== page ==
Dynamics of social comparison in counter-stereotypic domains: Stereotype boost, not stereotype threat, for women engineering majors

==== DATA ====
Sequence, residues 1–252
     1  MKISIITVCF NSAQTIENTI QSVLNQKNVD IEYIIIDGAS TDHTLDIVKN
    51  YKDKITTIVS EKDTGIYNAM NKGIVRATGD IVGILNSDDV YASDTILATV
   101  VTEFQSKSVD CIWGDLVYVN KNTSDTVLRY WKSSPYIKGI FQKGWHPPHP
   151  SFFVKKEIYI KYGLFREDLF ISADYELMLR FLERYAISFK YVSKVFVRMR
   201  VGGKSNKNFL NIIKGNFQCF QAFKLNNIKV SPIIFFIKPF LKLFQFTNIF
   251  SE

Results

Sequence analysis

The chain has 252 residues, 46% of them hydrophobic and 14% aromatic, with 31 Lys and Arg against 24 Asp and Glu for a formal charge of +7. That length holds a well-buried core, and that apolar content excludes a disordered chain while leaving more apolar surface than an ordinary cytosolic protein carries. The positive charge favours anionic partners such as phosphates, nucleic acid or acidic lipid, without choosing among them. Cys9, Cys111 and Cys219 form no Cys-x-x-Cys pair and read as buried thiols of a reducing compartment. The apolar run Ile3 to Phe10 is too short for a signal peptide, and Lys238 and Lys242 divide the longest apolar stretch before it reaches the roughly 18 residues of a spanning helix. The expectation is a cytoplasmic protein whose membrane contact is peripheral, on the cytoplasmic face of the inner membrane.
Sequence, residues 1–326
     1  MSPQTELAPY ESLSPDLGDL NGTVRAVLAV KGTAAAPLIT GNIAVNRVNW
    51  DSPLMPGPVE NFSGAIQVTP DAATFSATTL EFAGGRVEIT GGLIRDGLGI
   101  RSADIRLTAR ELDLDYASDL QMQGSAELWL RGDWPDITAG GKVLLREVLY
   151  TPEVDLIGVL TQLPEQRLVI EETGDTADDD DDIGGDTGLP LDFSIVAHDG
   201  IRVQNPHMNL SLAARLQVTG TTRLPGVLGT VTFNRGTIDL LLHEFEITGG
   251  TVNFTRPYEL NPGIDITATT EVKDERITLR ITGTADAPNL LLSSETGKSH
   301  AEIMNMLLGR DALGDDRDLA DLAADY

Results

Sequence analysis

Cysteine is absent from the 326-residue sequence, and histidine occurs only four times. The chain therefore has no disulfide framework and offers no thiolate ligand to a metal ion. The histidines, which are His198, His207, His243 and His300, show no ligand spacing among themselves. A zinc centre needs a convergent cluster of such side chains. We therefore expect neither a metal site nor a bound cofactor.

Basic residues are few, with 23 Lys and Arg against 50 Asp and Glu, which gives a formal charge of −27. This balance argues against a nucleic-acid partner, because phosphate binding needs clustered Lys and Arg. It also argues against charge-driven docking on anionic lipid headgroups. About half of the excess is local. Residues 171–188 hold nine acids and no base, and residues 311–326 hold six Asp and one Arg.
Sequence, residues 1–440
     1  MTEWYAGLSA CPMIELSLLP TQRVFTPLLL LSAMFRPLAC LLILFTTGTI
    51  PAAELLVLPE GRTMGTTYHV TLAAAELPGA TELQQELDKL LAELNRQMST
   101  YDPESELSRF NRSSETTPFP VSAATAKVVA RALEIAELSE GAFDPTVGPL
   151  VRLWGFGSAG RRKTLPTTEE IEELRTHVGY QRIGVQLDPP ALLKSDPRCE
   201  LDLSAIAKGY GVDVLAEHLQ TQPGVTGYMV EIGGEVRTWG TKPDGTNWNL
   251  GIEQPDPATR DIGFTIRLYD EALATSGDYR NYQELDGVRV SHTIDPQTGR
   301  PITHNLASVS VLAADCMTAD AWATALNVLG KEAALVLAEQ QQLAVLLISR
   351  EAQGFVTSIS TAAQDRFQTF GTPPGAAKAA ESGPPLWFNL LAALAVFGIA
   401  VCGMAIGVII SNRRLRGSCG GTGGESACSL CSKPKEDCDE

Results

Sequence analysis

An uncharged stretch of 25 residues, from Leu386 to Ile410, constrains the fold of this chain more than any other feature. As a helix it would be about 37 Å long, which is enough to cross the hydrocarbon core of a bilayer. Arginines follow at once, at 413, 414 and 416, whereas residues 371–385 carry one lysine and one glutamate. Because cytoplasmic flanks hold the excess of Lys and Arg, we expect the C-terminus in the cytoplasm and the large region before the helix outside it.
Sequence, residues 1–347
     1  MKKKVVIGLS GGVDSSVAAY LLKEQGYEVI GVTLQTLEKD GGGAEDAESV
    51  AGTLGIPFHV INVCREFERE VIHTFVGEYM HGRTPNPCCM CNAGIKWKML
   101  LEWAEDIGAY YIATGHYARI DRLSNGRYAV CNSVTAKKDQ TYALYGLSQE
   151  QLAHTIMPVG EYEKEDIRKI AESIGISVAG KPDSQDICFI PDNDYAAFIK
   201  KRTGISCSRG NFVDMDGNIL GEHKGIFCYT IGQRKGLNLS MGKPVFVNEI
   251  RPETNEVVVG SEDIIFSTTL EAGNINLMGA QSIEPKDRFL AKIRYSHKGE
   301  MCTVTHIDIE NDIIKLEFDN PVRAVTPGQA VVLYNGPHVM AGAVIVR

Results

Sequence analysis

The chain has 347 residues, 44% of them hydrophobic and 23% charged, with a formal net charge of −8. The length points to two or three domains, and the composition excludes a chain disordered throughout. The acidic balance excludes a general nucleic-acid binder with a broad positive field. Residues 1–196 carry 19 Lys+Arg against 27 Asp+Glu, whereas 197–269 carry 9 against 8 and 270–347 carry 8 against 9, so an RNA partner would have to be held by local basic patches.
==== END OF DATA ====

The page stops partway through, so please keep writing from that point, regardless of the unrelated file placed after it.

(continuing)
This paper investigated whether performance impairments associated with stereotype threat occurred for women in counter-stereotypic disciplines (e.g., engineering). In Experiment 1, female undergraduates (N = 39) majoring in either psychology or engineering completed a test involving mathematics. Next, they completed an identity scale and a second math test that was described as comparing the performance of males to females (imposing stereotype threat for psychology majors and possibly for engineering students). Whereas psychology students performed worse on the second math test after the stereotype threat manipulation, engineering students performed better on the second test. Responses to the identity scale showed that female psychology students identified equally with both gender and major, whereas female engineering students particularly identified with their major. Experiment 2 (N = 40) used a nearly identical procedure as Experiment 1, except the identity measure was removed. Results showed a similar pattern to Experiment 1, such that the performance of psychology majors decreased whereas engineers performance improved between test one and test two. These results show that female engineers might experience stereotype lift to the degree that they strongly identify with an academic domain in which there are negative gender stereotypes.